Do you have something fun planned for Father's Day this year? How about sharing a book with dad? This special day is a great reminder of the importance dads play in their children's literacy development.
Children learn by watching and imitating. Be a positive male role model for the kids in your life by reading and sharing stories. This shows children that you think reading is valuable, achievable, and, most importantly, fun!
Looking for ways to share your enthusiasm for literacy beyond books? Check out the wonderful ideas from the folks at Reading Rockets, such as reciting nursery rhymes, singing songs, playing games with letters or words, and telling stories about your childhood.
One of the best parts of being a children's librarian is building relationships with kids and families. Watching kids grow and learn over the years is simply the best!
I first met Lukas when he was a wiggly 2-year-old and a regular at my toddler storytime. He's now a 5-year-old preschooler, so I don’t see him as much as I used to. A few weeks ago Lukas came to the library with his mom, Marta, on his spring break. During our craft activity after storytime, I was catching-up with Marta and learned Lukas now loves to draw.
Add a little yoga to your child's morning routine or help your little one wind down before bed with some deep breathing and restful poses. Practicing yoga with kids is a fun and gentle way to exercise. Plus, yoga provides a chance to bond with your child while introducing new vocabulary words. Moo and meow in cat-cow pose or sing your favorite nursery rhymes as you hold a balance pose.
In addition to physical benefits like improved balance and coordination and mental benefits like better concentration, yoga offers an opportunity to spend quality time with your child while improving her vocabulary. Having a large vocabulary and understanding the meaning behind words leads to reading success and achievement later in school.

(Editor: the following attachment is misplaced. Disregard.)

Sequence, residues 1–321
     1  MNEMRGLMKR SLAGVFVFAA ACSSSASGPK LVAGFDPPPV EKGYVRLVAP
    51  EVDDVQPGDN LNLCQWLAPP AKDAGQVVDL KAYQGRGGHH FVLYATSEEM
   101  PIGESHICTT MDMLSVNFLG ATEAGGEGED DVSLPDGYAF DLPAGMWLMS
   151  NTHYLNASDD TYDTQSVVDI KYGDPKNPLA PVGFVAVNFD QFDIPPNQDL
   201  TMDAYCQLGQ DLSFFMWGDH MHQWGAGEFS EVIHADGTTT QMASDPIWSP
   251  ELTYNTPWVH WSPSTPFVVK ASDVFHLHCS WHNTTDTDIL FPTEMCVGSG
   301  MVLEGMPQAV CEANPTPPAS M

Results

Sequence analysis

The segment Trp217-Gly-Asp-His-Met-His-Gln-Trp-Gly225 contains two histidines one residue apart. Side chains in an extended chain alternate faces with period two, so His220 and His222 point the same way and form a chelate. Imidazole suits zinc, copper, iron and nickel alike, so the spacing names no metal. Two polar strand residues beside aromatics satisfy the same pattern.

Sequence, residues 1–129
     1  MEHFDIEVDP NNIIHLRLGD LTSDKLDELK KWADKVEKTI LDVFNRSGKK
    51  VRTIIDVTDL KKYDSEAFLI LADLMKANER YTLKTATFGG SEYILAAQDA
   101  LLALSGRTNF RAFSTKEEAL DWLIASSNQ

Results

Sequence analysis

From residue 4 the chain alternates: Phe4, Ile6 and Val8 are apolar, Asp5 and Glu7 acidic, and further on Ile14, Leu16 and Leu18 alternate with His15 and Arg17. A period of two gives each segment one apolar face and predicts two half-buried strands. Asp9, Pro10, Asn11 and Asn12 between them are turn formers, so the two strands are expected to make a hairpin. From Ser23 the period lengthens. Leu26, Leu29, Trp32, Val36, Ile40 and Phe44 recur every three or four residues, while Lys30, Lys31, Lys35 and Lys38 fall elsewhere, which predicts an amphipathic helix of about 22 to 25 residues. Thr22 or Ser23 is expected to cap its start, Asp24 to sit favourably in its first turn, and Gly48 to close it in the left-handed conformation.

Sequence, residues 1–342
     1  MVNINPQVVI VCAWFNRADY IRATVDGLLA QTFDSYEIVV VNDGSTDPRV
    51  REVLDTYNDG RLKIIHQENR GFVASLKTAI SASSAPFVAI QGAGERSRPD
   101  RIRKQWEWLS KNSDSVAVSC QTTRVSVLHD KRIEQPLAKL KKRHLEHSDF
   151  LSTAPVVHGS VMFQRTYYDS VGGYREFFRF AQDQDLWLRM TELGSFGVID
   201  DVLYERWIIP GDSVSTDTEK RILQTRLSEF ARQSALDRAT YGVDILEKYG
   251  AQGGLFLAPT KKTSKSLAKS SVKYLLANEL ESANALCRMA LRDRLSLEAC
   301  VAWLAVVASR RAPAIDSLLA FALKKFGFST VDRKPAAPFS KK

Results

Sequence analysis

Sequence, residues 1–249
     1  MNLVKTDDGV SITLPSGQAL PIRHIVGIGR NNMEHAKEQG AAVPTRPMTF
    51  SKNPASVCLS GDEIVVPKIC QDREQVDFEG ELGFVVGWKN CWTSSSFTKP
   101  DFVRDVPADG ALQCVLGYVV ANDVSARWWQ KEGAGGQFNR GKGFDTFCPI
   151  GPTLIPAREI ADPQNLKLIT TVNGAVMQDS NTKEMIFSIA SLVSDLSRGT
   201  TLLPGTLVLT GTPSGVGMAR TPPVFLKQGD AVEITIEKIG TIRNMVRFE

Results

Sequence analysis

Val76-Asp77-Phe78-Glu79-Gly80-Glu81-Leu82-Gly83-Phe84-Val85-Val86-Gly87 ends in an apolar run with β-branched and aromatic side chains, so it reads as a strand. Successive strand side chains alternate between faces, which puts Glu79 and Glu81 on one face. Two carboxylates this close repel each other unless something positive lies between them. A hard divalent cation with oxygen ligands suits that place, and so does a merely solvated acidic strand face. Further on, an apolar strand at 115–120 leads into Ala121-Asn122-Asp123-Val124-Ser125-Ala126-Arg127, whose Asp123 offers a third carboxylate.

Whether you want to improve your knitting, learn about downloading books, bond with your unborn baby, or help the child in your life with literacy skills, Fresh City Life My Branch has a class for you this week!
Join us for Read and Romp Denver
Saturday, February 26, 2011
10 a.m. - 2 p.m.
PPA Event Center, 2105 Decatur Street, Denver
Admission $10, children under 2 are free. Includes lunch.
Check out the literacy line-up! Spend some time with Frog and Toad and The Very Hungry Caterpillar. Eat the Alphabet and play I Spy! You and your kids will be enriched by this massive exposure to literacy.
Reading to an infant, a toddler, a pre-schooler, or a young child affords a multitude of benefits to children, parents, families and communities alike. Over time, you'll see the time spent reading with children taking positive effect. Shared reading promotes:
Did you know that reading aloud with your family strengthens literacy skills for everyone, fosters a life-long love of reading, and gives eveyone happy memories of being together? You don't have to do voices or read like a pro to have fun and create happy memories! What book do you love to read aloud with your family?
Did you know that parents who sing and talk with their children are building reading readiness and making a difference in lifelong learning? Interested in learning about other activities that will help your children learn and grow? If so, check out StoryBlocks.org!
I love reading and singing to my 7-month old, and while I always knew it was fun for my baby to watch me act out the itsy bitsy spider climbing the water spout, I didn’t realize how much these types of fingerplays and rhyming songs actually impacted her healthy brain functionality! Score one for mom!!